and wrote letters this year for six Kentucky applicants.

While at the national convention in Dallas this summer, we learned that
our Randolph-Sheppard program for blind vendors is once again in jeopardy
nationwide. It appeared that the Department of Defense planned to take
over the vending locations in military facilities. The Kentucky Department
for the Blind, which is the licensing agency for blind vendors in our state,
was unable to bid on an available location at Fort Knox. Our NFBK Board
of Directors met shortly after the convention to determine what steps should
be taken by our organization. We recommended that an arbitration and injunction
should be sought in the Fort Knox matter to allow time for appropriate
negotiations. When this failed, Charles Allen, Chairman of the state vendors'
committee, met with Secretary Allen Rose on behalf of Kentucky blind vendors.
Shortly thereafter, it seemed appropriate to reinforce the strong feelings
about this issue which existed among the blind community and NFBK in particular.
Lloyd Agnew, Chairman of the Advisory Council for DFB, Pam Wallace, Kentucky
ADA networking administrator, and I as NFBK President, met with Secretary
Rose to emphasize the importance of this matter and to demonstrate support
of our Kentucky vendors. There are nearly four thousand blind vendors nationwide.
The Federation is committed to the support of this worthwhile program in
every way possible.

While working with the student division during this past year, I have
become more convinced that we are witnessing the emerging of a strong fourth
generation of Federationists. This group of capable young adults have created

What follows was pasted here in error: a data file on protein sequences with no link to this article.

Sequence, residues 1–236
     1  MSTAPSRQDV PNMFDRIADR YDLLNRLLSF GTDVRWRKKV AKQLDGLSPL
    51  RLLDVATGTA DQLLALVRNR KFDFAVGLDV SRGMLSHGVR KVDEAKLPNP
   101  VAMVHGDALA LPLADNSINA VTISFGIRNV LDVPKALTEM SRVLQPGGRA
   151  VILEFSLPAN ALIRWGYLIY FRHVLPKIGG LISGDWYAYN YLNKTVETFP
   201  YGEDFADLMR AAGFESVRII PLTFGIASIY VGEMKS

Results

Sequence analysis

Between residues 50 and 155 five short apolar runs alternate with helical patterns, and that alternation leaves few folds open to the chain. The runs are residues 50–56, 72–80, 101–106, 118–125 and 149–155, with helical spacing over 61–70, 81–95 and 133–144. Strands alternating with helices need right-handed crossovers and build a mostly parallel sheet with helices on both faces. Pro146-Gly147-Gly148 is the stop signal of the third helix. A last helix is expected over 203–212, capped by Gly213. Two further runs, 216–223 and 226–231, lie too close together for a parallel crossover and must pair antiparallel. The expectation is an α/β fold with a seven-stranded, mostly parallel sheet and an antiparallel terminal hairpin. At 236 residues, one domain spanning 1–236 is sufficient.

an effective means of networking among themselves. Their President, Tonia
Boyd, has maintained contact with the members of that division, and she
has attended national and other state conventions to learn about the activities
of student divisions around the country. Certainly, this group gives us
cause to feel good about the future of our organization.

I must commend our Murray Chapter for their efforts in placing Kernel
Books and other Federation materials in libraries throughout several counties
in their area. Many of you have either heard or read Dr. Jernigan's accounts
of the magnitude of public education which has been provided by the Kernel
books. Our public schools and county libraries should have these books
available for loan. This is the best means we have of educating the public
about blindness and familiarizing Kentuckians with the name of the National
Federation of the Blind. Keep in mind that our Community Outreach office
is making telephone calls all over the state and mailing out literature
regarding blindness related issues. Each of us can have a part in the public
education process by placing NFB literature wherever possible.

Now, just a word about our future. Although much has been achieved,
there is still much to be done. Newsline must become a reality in Kentucky.
This program is up and running in several states and now provides seven
national newspapers which can be accessed simply and quickly through the
use of a telephone. The information technology Access Bill must be passed
in the next legislative session. Most of the positions available to blind
job seekers are those requiring some computer skills. We will need to do
everything in our power to see that blind individuals have access to the
training and opportunity which will place them on an even playing field